OAKLAND, Calif. – – The Golden State Warriors are so used to playing in the Western Conference finals, they were in no hurry to do it for a fifth consecutive year Tuesday night.
Then once they took the floor, they put that rest to good use against a weary opponent in Game 1.
Stephen Curry and Klay Thompson dominated their highly anticipated matchup with Damian Lillard and CJ McCollum, combining for 12 3-pointers and 62 points in the Warriors’ 116-94 victory over the Portland Trail Blazers in the opener of the Western finals.
Game 2 in the best-of-seven series is scheduled for Thursday night, also on top-seeded Golden State’s home court.
Curry finished with a game-high 36 points and Thompson added 26 for the Warriors, who won a second consecutive game without star forward Kevin Durant, out due to a bruised right calf.
Curry shot 9-for-15 on 3-point attempts and Thompson 3-for-9. Even backup Quinn Cook got into the long-range act, mixing in two timely treys to quell the Trail Blazers’ last threat, pushing Golden State a game up on an opponent it dominated 4-1 and 4-0 in the 2016 and 2017 playoffs, respectively.
“That was very poor (defensive) execution,” Lillard said. “They were setting solid screens and coming off shooting practice shots. That’s the last thing we need if we want to have any chance to beat this team.”
Lillard, an Oakland native who arrived at the arena wearing an Athletics “0” jersey with his name on the back, shot just 4-for-12 en route to a team-high 19 points. McCollum added 17 points for the Trail Blazers, who were facing a fresh team that had enjoyed three days off after eliminating the Houston Rockets in Game 6 on the road Friday night.
“They had to go to a tough Game 7 in Denver (on Sunday) and a quick turnaround, so the schedule favored us,” Warriors coach Steve Kerr said. “I thought we took advantage of the situation.”
The Warriors used a 13-5 burst to open the second half to extend a nine-point halftime advantage to 67-50. Curry had three 3-pointers in the run.
But Portland, which flew straight to Oakland after its Sunday win, refused to quit. Rodney Hood and Seth Curry drilled 3-pointers in an 11-4 run that ended the period and gave the Trail Blazers hope at 77-71 entering the fourth.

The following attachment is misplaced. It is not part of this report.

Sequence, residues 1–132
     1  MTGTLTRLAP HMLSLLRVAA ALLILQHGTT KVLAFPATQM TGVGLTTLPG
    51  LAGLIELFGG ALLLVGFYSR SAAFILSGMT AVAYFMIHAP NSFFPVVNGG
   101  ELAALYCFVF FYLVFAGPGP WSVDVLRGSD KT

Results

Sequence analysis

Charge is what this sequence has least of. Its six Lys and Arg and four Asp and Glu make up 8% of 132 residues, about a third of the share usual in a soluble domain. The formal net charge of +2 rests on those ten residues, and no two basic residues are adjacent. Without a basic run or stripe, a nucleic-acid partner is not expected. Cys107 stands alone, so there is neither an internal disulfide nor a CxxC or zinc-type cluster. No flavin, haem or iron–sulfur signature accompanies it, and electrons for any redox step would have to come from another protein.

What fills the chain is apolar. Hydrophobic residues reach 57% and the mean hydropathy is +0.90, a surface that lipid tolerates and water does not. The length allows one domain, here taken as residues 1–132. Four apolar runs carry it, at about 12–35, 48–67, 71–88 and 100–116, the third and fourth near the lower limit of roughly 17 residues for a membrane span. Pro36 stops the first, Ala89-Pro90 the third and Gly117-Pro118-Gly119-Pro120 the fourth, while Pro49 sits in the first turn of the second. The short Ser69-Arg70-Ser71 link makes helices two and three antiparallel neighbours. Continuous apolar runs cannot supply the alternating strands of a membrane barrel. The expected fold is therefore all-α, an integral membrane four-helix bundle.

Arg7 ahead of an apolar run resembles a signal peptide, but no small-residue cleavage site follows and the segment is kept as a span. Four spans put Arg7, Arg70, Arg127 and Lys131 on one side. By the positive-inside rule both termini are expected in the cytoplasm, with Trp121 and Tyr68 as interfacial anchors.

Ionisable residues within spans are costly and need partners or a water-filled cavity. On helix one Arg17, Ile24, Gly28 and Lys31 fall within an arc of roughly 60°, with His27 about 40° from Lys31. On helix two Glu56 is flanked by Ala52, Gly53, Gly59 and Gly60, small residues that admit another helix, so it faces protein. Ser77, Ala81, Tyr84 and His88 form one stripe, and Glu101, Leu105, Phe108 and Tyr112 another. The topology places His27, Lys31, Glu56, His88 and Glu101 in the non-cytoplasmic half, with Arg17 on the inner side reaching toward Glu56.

The Warriors’ lead was just 79-73 before Cook hit his two 3-pointers, helping Golden State go back up by 14 with 7:31 to go, and the 3-point discrepancy proved too much for the Trail Blazers to overcome.
“I thought the key stretch for us was the first five minutes of the fourth quarter,” Kerr said. “Our bench came in, did a fantastic job getting the lead back up to about 12 or so before we went back to our starters. So great job by our bench.”
Draymond Green complemented Curry and Thompson with a team-high 10 rebounds to go with 12 points for the Warriors, who shot 50 percent from the field and 51.5 percent (17-for-33) on 3-pointers.
The Warriors outscored the Trail Blazers 51-21 on 3-pointers.
“It’s fun when everyone’s running around, cutting, and we’re whipping the ball around,” Curry said. “That’s when we’re at our best.”
Hood and Maurice Harkless had 17 points apiece, and Enes Kanter a game-high 16 rebounds with 10 points for the Trail Blazers, who were limited to 36.1 percent shooting overall and 25 percent (7-for-28) on treys.
The Trail Blazers also hurt themselves with 21 turnovers.
“When you turn the ball over and you don’t shoot the ball well and don’t finish around the basketball …” Trail Blazers coach Terry Stotts lamented. “It was a tough night offensively.”
After having split the season series 2-2, the teams played on mostly even terms for the first 16 minutes, after which the Warriors managed just a two-point lead.
Consecutive hoops by reserve Jonas Jerebko, one a 3-pointer, finally got the Warriors rolling before Curry took over. He poured in 11 points in the final 5:29 of the half, helping Golden State take a 54-45 lead into the intermission.
Curry had 19 of his 36 points in the half.
“Hopefully it’s just one game,” Stotts noted. “We’ve got to play better, particularly at the offensive end. But we’ve got to be better at both ends.”
— Field Level Media